Every day in our classrooms, we are asked a million questions. Where do I write my name? How long does this have to be? Where do I sit? Most are easily answered quickly. However, every once in a while a question is asked that can be incredibly difficult to answer. This kind of question came up in my class yesterday. We have been learning about Beethoven in my grade three classes and during O Canada one of my students was staring at my poster of Beethoven on the wall. Once O Canada was over, his hand shot up and immediately he asked “ Is Beethoven in heaven?” The whole class sat in silence waiting for a response.
I took a minute to decide how to respond. My classroom is very diverse with many different cultures and religions being represented. I didn’t want to say an immediate yes and exclude those in my class that didn’t believe in heaven. I also didn’t want to dismiss the idea of heaven to those who hold it as a belief. There seemed to be no right answer to this question. So I decided the only way to handle this question was to acknowledge and respect the different beliefs that are represented in my student population.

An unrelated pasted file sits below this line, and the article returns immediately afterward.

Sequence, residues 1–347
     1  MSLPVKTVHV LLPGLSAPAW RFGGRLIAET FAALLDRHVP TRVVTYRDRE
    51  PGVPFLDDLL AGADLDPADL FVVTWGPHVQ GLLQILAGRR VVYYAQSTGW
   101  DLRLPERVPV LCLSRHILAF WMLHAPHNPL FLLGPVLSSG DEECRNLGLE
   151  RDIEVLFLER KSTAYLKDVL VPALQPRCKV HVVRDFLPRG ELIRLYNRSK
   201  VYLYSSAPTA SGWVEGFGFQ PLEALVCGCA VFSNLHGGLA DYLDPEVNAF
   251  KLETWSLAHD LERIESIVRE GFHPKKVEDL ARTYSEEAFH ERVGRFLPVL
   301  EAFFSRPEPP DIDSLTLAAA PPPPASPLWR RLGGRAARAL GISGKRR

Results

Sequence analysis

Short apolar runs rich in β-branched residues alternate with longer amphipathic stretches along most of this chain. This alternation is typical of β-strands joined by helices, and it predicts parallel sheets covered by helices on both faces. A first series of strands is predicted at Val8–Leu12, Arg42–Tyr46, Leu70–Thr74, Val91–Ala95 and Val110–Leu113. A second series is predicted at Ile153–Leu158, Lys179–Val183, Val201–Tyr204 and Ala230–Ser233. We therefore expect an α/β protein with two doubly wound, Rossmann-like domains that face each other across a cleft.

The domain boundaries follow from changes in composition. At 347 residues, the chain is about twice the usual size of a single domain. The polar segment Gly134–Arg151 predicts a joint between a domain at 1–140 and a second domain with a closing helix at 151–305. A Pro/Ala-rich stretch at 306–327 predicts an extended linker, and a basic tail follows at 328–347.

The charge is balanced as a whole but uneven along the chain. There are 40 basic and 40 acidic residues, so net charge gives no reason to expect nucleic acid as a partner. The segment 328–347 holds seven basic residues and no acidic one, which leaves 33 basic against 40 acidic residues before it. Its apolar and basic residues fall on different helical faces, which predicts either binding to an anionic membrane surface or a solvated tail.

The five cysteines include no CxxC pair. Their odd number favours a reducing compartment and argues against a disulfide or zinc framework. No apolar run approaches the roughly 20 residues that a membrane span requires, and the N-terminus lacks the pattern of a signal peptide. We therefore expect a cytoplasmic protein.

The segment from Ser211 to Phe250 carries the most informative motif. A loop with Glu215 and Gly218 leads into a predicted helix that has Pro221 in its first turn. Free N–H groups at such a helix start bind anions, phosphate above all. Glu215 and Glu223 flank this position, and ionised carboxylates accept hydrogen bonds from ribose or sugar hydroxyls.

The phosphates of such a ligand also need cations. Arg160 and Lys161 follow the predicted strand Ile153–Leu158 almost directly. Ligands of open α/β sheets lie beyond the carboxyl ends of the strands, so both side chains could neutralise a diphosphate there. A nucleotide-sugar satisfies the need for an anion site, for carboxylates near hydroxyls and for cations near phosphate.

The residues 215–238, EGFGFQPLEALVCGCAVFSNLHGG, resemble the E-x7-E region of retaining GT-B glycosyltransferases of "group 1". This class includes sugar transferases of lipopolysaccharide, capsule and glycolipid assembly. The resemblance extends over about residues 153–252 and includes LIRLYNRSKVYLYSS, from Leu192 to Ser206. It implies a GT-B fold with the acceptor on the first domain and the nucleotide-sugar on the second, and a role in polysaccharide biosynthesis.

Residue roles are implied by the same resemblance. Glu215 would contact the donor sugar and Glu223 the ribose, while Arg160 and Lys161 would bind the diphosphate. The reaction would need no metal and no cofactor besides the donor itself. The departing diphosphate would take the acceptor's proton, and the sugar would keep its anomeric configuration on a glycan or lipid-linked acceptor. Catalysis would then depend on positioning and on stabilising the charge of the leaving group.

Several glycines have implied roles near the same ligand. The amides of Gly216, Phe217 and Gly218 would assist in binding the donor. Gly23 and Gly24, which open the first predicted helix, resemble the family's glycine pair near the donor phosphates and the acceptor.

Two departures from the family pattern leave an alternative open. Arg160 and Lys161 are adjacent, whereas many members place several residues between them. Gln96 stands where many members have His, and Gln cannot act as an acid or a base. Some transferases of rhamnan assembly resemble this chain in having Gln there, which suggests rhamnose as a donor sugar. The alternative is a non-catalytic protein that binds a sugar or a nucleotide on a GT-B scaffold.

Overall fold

I explained to the class that different cultures and religions have different beliefs about what happens to us after we pass away. Some religions believe there is a heaven while others believe in reincarnation. I also explained that some cultures or religions do not believe in an afterlife at all. We further discussed how our familial, religious and cultural beliefs make us all special.
We then had an amazing discussion about the music that represents our culture and religion. The students taught me all about the songs and instruments played in their Gurdwara and others told me about singing in the choir at church. I am really glad I took the time to answer the difficult question as the sharing that followed was so important to creating our community as a class.
As the class went on, I began to wonder why the initial question popped into my student’s head. I wondered if someone in his life has passed away recently. I quietly asked him the question after the students were busy working on their assignment. He told me that he just wanted to know.
I am very glad that he asked.